Guest Poet Roger F. Krueger

My Sister Barbara

I can find myself in a picture taken at your wedding.
I was small then and didn't understand
much about weddings, but the cake was good
that much I knew, and
your dress was pretty and,
you would be leaving us
for a long time, but I knew you'd be back again
because you loved us, too, as well as Joe.
Mom told me that.

It is summer again and I am older,
married now,
and the way in which you
let us, your guests, sleep in before
preparing breakfast
so beautifully, right down to pouring the coffee
as you laugh at a small joke I offer
tells me that Mom was right.

I can still see that courage in your laughing eyes,
and I know it was there
on that morning when Joe died and
you held him for the last time,
the dew still clinging to the grass in your yard,
the sun not quite at the point of declaring a new day
full of promise and commitment,
the day your son was to marry.

You held your grief inside you,
a secret pain that had to be shared
after the celebration.
It had to be shared after,
because later
there would be time.

for healing the wounds that
never heal,
that scar inside you that reminds you
that someone is missing from your life.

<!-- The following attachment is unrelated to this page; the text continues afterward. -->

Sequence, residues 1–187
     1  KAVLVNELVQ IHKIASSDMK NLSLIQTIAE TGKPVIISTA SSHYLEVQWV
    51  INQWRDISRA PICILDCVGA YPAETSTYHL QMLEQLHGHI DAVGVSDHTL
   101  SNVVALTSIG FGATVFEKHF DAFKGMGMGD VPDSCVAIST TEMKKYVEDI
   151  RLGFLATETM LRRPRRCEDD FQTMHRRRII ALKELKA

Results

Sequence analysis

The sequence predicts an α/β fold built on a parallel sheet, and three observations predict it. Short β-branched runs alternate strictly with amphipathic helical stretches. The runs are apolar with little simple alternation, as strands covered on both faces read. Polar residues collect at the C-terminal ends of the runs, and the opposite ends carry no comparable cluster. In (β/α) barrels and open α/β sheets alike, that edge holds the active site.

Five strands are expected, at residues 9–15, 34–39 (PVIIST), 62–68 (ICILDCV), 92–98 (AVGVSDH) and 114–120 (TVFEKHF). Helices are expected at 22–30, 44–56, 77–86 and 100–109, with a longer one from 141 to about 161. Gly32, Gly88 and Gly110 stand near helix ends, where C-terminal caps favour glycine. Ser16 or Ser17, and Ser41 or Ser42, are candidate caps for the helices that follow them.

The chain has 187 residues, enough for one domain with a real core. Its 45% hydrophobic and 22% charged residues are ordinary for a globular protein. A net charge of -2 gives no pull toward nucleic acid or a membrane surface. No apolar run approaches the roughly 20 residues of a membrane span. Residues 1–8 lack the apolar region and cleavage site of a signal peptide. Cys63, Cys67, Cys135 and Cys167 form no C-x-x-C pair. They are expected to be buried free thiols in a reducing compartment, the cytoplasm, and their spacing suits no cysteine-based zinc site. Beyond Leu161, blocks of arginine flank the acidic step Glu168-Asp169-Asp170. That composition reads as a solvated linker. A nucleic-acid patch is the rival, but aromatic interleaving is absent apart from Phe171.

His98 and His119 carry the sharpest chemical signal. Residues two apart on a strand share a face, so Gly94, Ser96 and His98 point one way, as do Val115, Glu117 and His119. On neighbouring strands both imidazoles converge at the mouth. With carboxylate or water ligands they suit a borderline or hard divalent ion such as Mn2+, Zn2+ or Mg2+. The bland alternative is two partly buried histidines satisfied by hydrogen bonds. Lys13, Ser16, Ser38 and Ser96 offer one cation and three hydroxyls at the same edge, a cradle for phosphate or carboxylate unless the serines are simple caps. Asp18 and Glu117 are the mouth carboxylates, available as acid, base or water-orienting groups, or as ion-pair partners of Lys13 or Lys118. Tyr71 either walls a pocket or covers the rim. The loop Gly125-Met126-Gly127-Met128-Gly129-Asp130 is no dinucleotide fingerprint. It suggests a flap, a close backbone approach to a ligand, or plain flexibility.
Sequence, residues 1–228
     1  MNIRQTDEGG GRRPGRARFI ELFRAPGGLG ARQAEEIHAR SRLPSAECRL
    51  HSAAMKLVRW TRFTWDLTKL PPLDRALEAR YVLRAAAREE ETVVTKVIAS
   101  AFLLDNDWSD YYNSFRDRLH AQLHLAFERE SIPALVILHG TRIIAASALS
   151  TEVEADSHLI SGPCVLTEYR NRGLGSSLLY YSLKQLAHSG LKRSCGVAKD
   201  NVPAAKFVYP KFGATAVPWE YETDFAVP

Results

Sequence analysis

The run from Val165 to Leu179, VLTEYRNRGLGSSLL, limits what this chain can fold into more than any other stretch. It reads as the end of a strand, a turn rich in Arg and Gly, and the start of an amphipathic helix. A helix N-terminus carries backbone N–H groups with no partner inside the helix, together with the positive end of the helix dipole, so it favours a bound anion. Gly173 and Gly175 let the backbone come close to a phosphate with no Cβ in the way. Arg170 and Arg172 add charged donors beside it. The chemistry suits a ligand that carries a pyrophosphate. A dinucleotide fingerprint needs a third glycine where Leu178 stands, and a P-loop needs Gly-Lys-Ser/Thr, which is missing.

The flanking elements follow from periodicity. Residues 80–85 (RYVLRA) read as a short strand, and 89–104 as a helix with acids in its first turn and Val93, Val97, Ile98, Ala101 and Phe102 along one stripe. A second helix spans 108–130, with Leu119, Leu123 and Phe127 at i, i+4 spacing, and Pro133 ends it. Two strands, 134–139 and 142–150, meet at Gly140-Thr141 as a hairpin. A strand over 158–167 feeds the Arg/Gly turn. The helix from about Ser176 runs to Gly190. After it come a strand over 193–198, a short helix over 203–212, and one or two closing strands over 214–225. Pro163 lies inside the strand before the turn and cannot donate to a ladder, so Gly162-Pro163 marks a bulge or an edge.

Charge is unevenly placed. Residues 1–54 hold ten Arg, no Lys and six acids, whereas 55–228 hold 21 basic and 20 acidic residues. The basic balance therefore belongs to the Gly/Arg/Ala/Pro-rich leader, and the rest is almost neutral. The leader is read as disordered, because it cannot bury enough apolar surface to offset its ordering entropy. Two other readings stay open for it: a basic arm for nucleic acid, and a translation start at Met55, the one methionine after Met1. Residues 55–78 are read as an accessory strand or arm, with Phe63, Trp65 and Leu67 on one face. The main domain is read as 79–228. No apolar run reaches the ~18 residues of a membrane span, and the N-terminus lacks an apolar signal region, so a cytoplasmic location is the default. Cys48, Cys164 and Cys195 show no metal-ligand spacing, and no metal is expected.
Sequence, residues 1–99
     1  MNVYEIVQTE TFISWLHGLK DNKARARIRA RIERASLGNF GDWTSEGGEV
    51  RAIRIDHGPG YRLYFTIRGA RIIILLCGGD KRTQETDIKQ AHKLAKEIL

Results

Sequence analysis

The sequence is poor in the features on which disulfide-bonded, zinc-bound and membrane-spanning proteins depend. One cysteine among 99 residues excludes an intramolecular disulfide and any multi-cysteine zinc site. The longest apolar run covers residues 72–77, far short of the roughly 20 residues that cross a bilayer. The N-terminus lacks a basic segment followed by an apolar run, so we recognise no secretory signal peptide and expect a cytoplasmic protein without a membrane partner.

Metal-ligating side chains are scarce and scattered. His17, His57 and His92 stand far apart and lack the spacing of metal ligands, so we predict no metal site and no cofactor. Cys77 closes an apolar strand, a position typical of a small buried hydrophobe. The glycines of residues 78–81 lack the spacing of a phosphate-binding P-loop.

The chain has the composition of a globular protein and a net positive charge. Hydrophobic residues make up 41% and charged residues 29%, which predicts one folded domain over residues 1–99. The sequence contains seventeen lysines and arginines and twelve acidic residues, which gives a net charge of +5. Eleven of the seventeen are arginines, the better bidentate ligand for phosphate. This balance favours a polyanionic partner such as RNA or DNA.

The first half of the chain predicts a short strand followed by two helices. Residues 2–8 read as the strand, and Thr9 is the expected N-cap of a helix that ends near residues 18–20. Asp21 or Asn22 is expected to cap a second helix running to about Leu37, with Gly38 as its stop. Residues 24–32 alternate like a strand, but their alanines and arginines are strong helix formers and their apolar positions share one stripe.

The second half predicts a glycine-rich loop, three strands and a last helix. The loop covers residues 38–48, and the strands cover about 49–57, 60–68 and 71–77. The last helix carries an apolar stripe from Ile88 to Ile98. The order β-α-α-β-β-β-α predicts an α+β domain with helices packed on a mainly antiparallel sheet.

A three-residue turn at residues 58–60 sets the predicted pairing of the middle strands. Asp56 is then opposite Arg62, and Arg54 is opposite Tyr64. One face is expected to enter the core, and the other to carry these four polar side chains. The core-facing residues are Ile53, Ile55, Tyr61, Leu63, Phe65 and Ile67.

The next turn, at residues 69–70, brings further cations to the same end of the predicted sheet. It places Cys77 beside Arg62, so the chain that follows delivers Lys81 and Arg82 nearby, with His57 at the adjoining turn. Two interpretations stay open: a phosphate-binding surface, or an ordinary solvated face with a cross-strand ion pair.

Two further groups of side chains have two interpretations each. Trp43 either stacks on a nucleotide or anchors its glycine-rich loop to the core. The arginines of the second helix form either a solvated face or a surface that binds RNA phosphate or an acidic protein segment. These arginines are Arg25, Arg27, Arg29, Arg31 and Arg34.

And now you are the one who is missing.
I can still hear the ocean.
I can still
hear the song
as we drove back from the ocean.
I touch my scar again and you are there,
and you remind me of who I am.
Your brother
who misses you.

February, 2000

Roger Krueger's Questions:

1.  At the beginning of this poem I use a different "voice" that of a child speaking and then I move into an adult situation where the language changes.  Does this produce an inconsistency in the tone of the overall poem or does it work to help capture that distinct difference between how we perceive what happens in our lives as we grow older?

2.  Should I just cut the last line, "who misses you" since basically that is understood by what has already been said?

3.  Are poems this personal in nature better kept private and shared among family and friends or do they speak effectively where they should be shared with a larger audience?

The Albany Poetry Workshop